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Humboldt-Universität zu Berlin - Mathematisch-Naturwissenschaftliche Fakultät - Wissensmanagement in der Bioinformatik

BCB Seminar Mai 2007

Humboldt-Kabinett, Rudower Chaussee 25.


  • 16.00 - 16.45 Uhr: Holger Dach, Fraunhofer Institut SCAI, Sankt Augustin
    @neuLink – Linking Genetics to Disease: A Status Report

    Scientific publications are still the most widely used information resource for getting new research results in the biomedical field. The literature database MEDLINE contains abstracts of almost all published biomedical publications and supports text retrieval by annotations based on the Medical subject headings (MeSH). To enable scientists further to select the most relevant information according to the researchers needs we applied text mining strategies for additional annotations of biomedical entities (e.g. gene, disease, drug).
    Within the @neurIST project (Integrated Biomedical Informatics for the Management of Cerebral Aneurysms) a European initiative in the Sixth Framework Programme Priority 2 of the Information Society Technologies IST we aim at developing an information system called @neuLink, for finding evidences of links between genomics and cerebral aneurysms. In this talk we present a first prototype of a module within the information system, called “Find Significant Genes”, and our approach for large scale literature mining. Moreover, we present a workflow to maintain a continuous entity recognition process which updates the disease-specific knowledge base.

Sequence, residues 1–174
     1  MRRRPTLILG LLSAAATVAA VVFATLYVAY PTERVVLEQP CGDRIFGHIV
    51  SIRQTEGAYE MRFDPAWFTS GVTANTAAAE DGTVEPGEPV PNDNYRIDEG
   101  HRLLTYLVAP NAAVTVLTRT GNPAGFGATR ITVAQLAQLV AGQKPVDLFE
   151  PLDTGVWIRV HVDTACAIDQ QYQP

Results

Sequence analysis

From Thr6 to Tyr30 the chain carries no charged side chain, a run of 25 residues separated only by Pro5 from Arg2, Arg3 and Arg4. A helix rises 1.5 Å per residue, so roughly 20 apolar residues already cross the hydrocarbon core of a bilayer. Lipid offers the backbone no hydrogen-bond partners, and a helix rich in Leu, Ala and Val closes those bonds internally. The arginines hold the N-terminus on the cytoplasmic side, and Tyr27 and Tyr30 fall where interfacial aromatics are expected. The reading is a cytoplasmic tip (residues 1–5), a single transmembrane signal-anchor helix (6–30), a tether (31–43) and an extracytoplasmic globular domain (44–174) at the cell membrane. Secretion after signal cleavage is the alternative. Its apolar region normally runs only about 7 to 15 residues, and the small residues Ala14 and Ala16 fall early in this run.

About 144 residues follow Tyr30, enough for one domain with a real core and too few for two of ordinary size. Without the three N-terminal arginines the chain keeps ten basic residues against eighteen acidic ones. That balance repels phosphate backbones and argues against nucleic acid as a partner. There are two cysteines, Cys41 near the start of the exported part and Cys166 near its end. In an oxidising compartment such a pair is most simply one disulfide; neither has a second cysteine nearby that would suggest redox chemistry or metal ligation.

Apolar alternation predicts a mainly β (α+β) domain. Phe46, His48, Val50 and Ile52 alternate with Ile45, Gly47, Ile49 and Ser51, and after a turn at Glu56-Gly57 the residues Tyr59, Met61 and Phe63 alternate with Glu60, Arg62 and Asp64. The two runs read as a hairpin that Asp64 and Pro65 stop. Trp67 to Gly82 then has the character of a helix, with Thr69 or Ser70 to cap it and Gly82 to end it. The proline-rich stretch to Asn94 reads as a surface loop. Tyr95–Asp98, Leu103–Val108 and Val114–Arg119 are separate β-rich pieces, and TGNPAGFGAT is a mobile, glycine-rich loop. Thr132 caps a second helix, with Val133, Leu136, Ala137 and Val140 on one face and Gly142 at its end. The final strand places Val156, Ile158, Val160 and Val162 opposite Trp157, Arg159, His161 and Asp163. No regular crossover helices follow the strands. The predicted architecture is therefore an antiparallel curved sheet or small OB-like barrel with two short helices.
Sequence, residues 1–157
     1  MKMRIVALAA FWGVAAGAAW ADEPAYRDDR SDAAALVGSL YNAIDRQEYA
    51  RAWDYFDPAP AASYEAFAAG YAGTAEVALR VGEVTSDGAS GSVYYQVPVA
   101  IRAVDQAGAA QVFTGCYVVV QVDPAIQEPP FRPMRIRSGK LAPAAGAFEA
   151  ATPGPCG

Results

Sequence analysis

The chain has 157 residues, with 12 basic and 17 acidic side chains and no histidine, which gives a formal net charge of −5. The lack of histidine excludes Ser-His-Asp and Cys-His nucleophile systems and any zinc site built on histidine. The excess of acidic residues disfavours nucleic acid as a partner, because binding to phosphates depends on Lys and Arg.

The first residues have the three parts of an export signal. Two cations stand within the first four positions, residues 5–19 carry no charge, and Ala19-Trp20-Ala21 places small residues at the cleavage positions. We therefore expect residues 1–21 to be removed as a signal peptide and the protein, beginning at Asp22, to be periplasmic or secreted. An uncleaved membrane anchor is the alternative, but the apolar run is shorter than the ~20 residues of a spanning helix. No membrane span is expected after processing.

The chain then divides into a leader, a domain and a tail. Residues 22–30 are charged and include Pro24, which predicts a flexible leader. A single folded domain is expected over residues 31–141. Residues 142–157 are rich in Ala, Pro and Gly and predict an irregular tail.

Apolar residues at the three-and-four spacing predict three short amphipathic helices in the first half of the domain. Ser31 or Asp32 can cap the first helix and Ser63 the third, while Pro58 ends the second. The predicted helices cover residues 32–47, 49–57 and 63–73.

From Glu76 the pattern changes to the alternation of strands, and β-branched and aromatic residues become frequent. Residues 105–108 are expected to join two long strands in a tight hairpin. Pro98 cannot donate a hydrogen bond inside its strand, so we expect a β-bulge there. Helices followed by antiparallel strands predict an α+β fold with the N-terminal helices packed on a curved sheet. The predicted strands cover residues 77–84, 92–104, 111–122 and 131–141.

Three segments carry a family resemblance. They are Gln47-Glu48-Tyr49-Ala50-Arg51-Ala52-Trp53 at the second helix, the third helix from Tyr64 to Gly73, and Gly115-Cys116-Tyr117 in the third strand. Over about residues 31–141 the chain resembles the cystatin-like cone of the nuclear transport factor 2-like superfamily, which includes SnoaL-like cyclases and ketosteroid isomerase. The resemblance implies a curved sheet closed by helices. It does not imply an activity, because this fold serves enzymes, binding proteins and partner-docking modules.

• 16.45 - 17.00 Uhr: Pause

  • 17.00 - 17.30 Uhr: Philipp Groth, Bayer Schering AG und Humboldt-Universität
    Predicting Protein Function from Phenotypes

    In our study presented in this talk, phenotypes have been used to generate new ways of clustering genes into functional groups. We have used phenotypes – described in textual form – to predict protein function with text clustering methods. I will show that these clusters correlate well with other indicators for functional coherence in gene groups, such as functional annotations from the Gene Ontology (GO) and protein-protein interactions. We have predicted GO-terms from the biological process sub-ontology for some groups with up to 86.5% precision and 64.2% recall. I will discuss some examples for gene groups derived from clustered phenotypes that reveal high biological coherence, and other groups with inconsistent GO-annotations that could be resolved. I will show that systematically analyzing phenotype data on a large scale are well worth the effort.

  • 17.30 - 18.00 Uhr: Dr. Stephan Heymann, Humboldt-Universität
    Positionale Verwaltung von DNA-Sequenzfragmenten zur Genotypanalyse